MSWprograms. It can also be used in upper level undergraduate college courses in social work, typically BSWprograms. The book finally ensures that social work students will not only understand the issues of their clients (micro level) but understand mental health issues in a broader societal context (macro level).
The integration of technology with nursing curricula is a dynamic and increasingly necessary step in the evolution of nursing education. Schools of medicine have been using some form of virtual patient for over 40 years. The National League for Nursing has endorsed simulation as a teaching methodology to prepare nurses for practice across the healthcare continuum. This book offers nursing educators and administrators thoughtful and well-planned simulation integration strategies, and illustrates how students may use technologies to maximize learning and support practice. The book presents, explores, reflects, and expands on a new model for technology integration with nursing curricula. The Faculty Administrators Students Technology Simulation Integration Model© (FAST SIM) provides a framework for guiding and evaluating the technology integration. The book is organized into four section comprising 19 chapters. Section one describes the evolving virtual learning landscape. It assess the virtual learning landscape, and describes the application of FAST SIM as the basis for integrating virtual educational technologies. Section two presents faculty perspective on pedagogical applications and specific integration strategies. It discusses the opportunities, challenges, advantages, and disadvantages of virtual technology integration. The section also explores the role of faculty in integrating virtual simulations and describes the design and creation of virtual gaming simulations in nursing education. It presents nursing student simulation scenarios within a virtual learning environment and discusses enhancing the rigor of virtual simulation. Section three describes a student’s journey encountering a virtual learning environment. It discusses mentor role in virtual simulation–mediated learning, and creating interprofessional simulation scenarios in virtual learning environments. The section also explores advancing nursing informatics knowledge and skills using a virtual learning environment. The final section presents an administrative perspective in navigating the chasm when a profound difference exists among stakeholders, viewpoints, and feelings regarding virtual simulation.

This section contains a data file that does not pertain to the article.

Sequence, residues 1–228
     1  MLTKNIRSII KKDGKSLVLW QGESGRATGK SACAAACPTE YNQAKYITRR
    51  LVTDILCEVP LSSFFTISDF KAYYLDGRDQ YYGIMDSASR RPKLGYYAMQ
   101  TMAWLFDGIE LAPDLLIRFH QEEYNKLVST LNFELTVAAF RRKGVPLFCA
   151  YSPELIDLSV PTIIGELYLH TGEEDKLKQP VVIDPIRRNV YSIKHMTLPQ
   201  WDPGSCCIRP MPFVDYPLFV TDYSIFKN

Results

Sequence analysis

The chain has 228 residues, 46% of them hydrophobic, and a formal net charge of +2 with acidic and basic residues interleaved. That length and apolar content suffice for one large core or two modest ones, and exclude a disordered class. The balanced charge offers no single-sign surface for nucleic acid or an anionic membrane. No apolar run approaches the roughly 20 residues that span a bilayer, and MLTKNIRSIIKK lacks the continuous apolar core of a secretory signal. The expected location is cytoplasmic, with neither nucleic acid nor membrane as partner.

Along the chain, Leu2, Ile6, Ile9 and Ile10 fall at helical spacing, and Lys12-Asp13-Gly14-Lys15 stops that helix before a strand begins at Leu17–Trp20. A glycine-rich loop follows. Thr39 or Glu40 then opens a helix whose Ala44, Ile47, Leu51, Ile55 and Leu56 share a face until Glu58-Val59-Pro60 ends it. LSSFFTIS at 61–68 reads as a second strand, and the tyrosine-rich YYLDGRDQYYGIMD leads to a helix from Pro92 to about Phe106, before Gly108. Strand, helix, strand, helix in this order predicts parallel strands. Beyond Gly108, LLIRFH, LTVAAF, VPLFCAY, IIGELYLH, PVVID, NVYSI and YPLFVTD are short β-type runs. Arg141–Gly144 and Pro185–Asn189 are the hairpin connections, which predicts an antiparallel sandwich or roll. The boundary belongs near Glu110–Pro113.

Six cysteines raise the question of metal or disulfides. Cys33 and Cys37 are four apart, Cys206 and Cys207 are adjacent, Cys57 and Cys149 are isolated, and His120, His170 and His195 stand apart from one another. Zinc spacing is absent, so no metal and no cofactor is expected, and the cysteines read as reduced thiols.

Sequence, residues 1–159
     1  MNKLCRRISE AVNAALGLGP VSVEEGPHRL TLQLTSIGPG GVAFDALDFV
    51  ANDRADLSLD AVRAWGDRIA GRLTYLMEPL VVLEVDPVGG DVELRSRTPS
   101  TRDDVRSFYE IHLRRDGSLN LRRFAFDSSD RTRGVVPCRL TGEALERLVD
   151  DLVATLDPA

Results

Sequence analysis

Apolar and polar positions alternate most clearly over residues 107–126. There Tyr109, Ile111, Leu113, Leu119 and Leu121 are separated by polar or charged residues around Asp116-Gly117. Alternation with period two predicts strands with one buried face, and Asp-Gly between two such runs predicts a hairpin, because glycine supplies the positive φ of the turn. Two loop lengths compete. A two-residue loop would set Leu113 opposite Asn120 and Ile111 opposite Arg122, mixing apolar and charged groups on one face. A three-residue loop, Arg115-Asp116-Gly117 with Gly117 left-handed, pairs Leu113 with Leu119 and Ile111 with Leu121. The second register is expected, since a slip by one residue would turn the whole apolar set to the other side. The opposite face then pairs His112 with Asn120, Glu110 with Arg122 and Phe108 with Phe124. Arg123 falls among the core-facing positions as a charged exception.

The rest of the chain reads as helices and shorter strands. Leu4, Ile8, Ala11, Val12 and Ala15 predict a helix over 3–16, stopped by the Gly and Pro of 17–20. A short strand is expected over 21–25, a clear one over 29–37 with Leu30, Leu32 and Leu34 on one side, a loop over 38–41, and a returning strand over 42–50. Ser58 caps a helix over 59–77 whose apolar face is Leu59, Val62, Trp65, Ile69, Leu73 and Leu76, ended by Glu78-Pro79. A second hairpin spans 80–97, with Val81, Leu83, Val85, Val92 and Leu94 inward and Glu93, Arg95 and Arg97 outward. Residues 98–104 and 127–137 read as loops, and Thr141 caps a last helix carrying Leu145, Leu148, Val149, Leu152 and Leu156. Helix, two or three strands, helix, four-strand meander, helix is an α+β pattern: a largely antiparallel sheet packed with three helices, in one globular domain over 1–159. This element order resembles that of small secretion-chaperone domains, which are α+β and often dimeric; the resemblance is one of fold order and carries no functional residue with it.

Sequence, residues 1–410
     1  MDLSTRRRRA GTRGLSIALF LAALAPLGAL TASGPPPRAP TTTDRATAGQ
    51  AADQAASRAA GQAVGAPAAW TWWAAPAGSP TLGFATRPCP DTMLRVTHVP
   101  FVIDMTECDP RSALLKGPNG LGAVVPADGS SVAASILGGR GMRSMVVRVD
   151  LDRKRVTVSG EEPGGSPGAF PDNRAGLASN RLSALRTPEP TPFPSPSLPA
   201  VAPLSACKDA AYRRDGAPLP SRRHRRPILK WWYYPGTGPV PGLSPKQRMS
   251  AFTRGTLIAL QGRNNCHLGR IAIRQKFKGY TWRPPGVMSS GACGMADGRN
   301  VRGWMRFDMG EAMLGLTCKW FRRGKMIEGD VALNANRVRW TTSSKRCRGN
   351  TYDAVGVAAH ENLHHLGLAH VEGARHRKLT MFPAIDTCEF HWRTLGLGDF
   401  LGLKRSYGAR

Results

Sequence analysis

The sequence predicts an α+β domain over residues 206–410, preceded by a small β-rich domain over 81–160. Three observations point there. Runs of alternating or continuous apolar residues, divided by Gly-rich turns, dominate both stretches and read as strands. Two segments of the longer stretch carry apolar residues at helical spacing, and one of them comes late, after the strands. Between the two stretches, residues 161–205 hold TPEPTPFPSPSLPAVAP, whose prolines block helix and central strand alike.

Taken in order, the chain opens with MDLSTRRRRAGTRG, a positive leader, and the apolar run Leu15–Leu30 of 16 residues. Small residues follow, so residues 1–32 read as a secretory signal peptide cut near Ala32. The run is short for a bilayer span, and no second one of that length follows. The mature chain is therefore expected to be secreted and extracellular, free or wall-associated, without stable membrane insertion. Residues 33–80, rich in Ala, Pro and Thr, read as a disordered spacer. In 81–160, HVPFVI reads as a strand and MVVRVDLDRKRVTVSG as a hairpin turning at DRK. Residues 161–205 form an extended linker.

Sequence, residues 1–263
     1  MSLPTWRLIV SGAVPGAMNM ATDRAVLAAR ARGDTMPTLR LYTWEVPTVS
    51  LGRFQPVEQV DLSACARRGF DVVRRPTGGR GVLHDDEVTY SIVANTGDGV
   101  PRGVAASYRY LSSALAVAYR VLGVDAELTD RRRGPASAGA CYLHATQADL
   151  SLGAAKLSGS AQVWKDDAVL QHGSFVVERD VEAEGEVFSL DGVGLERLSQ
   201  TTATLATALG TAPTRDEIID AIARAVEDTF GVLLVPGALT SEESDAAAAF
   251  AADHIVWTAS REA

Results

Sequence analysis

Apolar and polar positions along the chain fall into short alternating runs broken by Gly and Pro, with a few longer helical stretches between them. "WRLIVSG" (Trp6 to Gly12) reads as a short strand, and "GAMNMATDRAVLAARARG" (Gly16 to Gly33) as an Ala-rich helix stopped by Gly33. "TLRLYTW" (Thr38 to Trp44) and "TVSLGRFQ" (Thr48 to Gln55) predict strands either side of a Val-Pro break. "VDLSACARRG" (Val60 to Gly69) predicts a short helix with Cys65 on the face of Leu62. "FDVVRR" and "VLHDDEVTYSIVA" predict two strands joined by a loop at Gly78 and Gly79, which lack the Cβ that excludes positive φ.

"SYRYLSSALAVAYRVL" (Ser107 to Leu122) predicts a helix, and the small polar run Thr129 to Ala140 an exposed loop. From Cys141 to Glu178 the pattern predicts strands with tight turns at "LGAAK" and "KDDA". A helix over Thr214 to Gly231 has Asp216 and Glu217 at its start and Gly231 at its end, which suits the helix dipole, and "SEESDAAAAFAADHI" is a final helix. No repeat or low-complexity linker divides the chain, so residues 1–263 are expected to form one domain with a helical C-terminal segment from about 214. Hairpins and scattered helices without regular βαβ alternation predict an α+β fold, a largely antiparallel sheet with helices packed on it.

This book recognizes that learning to write for professional practice means learning how to write in different contexts, for different circumstances, and with different purposes and audiences in mind. It begins with the premise that effective writing requires critical thinking, engagement in cultural competence, and a commitment to learning. The book invites the reader to pay attention to how others have been writing in the field of social work for many years, and invites him/her to read and learn by practicing, and by becoming aware of the content and form of the writing conversation going on all around the individual in the social work world. The book helps the reader to understand both the “what” and the “how” of professional writing for social work practice. Effective writers feel a profound stake in their work. This means that they believe what they have to say matters; they write with a clear purpose in mind, and how they present their work matters just as much. The opportunity for social workers to use their research skills occurs frequently in human service situations. Types of research reports include needs assessments, client satisfaction surveys, evaluation of interventions, assessment of program results, and measurement of outcomes for accreditation reviews. The book has a chapter devoted on smaller grants, which may be the type most frequently encountered in social work practice, since larger grants usually come with their own instructions and forms. It also presents examples of letters written by social workers on behalf of their agencies.
The third edition of this book is for primary care providers and any providers who encounter electrocardiograms (